Affairs, Wednesday, Feb. 26, approved legislation to provide property
tax relief for the city of Monahans and Winkler County.
Monahans City Manager David Mills and Winkler County Judge Bonnie Leck
testified before the committee. The bill, whose lead sponsor is State
Sen. Bob Duncan, R-Lubbock, would resolve a jurisdiction issue that
arose when citizens of Monahans and Winkler County approved a half-cent
sales tax for property tax relief. Duncan says the State Senate is about
two weeks ahead of House action on a comparable bill in the State

Ward County sales tax rebates

up 45 percent in February

Return to top
AUSTIN - State sales tax rebates to Ward County cities jumped
45.28 percent this February, reports Texas State Comptroller John Sharp.
The increase is a comparison with February of 1996, says Sharp.
Monahans enactment in the Spring of 1996 of a half-cent sales tax for
economic development is the principal reason for the major increase in
sales tax rebates for Monahans and the county.
Grandfalls, Monahans, Pyote, Thorntonville and and Wickett received
sales tax checks totaling $71,589.24 compared with $49,275.32 for the
same month last year, according to the statement released in Austin.
Monahans was the big leader - $66,612.20 in sales tax rebates up more
than $20,000 from the $43,515.27 the previous February. That, Sharp
notes, is an increase of 53.07 percent in the city of Monahans.
Wickett was second among Ward County town governments in sales tax
rebate checks although the community dropped nearly 20 percent this
February compared with last year.
Wickett's numbers were: $2,639.74 for February of 1997, $3,268.12 in
February of 1996 which equals an exact percentage decrease of 19.22
Other February numbers for the county's cities:
Grandfalls, $1,232.57 down 16.7 percent from the $1,479.80 state sales
tax check last February.
Pyote, $964.02 up 7.8 percent from $894.20.
Thorntonville, $140.71 down 19.31 percent from $117.93.
Sales tax rebates to the Ward County cities so far in 1997 total
$115,656 compared with 79,192. for the first two months of 1996, an
increase of 46.04 percent. This also can be attributed to the additional
half-cent sales tax that began in Monahans last Spring.
Total state sales tax checks to Monahans for the first two months of the
year are $107,508.44 an increase of 55.76 percent over the $69,020.57
reported by the State Comptroller for the same period of 1996.
Rebates to date for other Ward County Cities are:
Grandfalls, $1,559.85 down 41.52 percent from $2,667.35; Pyote,
$1,682.65 up 6.17 percent from $1,584.72; Thorntonville, $216.94 up
45.53 percent from $149.06; and Wickett, $4,688.18 down 18.76 percent
from $5,771.26

Stephens is school superintendent

Return to top
Clifton L. Stephens is the superintendent-designate of the
Monahans-Wickett-Pyote School District.
With the district already ranked highly by the state, Stephens says he
wants to help bring all the district's schools to an exemplary rating
(the state's highest where 90 percent of students pass each section of
the TAAS test. One district campus, Gensler Elementary in Wickett,
already has that ranking.
Stephens says his focus is academics but all aspects of school life are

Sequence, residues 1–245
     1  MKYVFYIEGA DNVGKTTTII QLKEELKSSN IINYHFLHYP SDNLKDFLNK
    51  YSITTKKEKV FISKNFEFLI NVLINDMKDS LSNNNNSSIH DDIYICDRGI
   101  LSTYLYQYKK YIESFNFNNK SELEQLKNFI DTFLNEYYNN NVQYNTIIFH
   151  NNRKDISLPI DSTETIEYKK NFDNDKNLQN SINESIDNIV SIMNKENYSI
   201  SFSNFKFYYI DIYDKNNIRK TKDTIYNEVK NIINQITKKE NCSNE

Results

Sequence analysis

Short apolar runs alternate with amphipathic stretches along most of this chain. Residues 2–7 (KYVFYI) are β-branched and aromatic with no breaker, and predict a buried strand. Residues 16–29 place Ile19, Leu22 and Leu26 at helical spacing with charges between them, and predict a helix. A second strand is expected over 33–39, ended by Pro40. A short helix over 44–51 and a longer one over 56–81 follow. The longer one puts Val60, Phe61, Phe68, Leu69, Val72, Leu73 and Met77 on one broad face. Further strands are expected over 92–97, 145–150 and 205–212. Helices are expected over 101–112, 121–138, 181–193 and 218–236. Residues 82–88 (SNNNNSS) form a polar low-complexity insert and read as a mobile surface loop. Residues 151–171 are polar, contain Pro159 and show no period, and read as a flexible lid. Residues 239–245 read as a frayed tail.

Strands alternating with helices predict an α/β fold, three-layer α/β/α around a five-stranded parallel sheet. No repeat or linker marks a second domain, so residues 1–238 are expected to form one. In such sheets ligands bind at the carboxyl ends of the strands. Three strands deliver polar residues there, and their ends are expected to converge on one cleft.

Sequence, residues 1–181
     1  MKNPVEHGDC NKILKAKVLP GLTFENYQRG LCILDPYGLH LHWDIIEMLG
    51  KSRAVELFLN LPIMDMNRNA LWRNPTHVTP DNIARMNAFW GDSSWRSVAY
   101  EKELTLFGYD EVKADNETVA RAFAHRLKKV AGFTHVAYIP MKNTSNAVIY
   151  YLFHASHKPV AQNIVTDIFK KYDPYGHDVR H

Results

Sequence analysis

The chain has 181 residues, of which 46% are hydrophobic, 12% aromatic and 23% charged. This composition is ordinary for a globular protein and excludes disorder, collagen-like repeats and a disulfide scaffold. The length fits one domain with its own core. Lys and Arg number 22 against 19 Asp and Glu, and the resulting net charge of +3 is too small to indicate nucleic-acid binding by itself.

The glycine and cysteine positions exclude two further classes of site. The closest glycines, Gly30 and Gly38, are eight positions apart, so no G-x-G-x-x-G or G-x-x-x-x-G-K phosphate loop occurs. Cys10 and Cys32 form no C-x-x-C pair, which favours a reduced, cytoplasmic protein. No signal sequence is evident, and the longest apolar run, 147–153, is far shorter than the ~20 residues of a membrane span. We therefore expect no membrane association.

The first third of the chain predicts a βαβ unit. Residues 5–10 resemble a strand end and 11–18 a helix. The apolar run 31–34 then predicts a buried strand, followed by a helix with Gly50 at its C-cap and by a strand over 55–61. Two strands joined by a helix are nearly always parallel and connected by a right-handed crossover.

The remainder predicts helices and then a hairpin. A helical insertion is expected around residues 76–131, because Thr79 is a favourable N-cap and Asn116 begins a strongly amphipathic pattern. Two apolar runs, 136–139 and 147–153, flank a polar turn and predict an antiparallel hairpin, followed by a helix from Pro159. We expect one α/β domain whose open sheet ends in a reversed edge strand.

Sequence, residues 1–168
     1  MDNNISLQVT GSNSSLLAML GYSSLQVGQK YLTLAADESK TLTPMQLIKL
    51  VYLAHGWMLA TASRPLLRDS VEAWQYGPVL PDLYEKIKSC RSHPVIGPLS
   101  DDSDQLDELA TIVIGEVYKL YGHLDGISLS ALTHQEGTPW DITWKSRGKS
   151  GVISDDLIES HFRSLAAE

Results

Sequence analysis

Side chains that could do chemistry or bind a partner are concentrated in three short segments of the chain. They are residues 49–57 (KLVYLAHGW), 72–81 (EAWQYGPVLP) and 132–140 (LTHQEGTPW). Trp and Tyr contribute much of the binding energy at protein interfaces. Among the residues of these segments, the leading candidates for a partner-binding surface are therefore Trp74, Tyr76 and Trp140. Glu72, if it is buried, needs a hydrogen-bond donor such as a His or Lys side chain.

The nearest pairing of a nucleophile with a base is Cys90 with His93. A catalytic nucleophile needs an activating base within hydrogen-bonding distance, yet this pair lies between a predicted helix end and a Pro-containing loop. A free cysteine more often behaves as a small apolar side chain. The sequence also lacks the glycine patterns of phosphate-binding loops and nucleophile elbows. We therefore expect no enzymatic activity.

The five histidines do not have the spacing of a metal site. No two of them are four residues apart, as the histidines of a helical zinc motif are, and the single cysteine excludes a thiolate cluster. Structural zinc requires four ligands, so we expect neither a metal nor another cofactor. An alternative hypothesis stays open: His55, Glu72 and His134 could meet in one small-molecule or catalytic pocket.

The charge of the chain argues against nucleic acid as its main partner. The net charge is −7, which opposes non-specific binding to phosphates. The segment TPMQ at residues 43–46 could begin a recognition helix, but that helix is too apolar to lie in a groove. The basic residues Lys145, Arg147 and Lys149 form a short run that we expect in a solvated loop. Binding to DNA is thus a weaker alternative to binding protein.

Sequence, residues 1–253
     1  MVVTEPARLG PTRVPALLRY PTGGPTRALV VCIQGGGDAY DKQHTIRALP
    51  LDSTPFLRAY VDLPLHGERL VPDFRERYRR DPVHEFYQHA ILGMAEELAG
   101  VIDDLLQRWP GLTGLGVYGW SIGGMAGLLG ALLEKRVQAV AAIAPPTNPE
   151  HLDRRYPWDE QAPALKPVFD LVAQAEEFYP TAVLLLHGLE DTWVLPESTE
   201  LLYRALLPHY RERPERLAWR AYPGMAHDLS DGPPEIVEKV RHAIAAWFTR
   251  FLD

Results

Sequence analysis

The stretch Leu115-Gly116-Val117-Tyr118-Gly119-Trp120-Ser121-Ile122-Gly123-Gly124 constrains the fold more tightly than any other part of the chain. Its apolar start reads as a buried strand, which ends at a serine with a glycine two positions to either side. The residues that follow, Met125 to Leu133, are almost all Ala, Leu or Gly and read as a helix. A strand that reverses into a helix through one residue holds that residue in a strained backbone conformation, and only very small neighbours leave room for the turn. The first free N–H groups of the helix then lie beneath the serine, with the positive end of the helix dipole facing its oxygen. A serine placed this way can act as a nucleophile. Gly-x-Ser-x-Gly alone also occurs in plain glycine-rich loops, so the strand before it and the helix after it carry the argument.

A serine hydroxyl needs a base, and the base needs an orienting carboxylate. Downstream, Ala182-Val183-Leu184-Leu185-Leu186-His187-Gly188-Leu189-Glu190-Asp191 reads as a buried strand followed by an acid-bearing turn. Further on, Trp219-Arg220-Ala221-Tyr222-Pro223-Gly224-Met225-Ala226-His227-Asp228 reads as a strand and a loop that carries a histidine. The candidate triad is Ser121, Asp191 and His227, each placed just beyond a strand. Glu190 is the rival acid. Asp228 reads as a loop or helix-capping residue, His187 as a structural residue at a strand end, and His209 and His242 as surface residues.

important. He also would not be adverse "to a state football
championship next Fall."
The new superintendent's son, Brandon, is a junior who was the starting
quarterback on the Lobo bi-district champions last Autumn. Brandon also
is a starting outfielder on the Lobo baseball squad this Spring.
There are challenges, Stephens says, challenges that also can be
opportunities. One major piece of reality is a district enrollment that
has been declining yearly, a fact that can directly be traced to a
shifting area economy. But Stephens notes that a school district can be
a major force in any economy.
"Because people will move to an area where there are fine schools,"
says Stephens. "Good schools are a major force in any economic
In answer to a query (a question, says the superintendent-designate,
which also was asked by the board):
"The most important thing is to respect each other and work hard and
long at what we're doing."
More from Stephens:
"You can't stop trying to build rapport between faculty, students and
Stephens currently is the assistant superintendent of
curriculum/personnel at the district. For the previous two years, he had
been principal of Monahans High School.
Wednesday morning, Feb. 26, Stephens was fielding a phalanx of
well-wishers both personal and on the telephone. School district
administrators , teaching staff and support personnel alike
congratulated the school board and Stephens on the appointment.
"This is a fine school district," Stephens says. "There are goals and
there always are places to fine tune. We are good and we are going to be
make the good better."
He also notes: "I see no reason for radical change."
Stephens' appointment as the district superintendent-designate became
official at 10:45 p.m. on Tuesday, Feb. 25, after an executive session
of the Board of Education in the board offices. Interim Superintendent
Mike Fletcher had predicted exactly when the board would return to open
Fletcher, who is the district's vice superintendent for administration,
did not seek to become superintendent. He repeatedly said he was happy
in the job which he has held.
Tuesday night's session began at 7:01 p.m. after Board President Johnny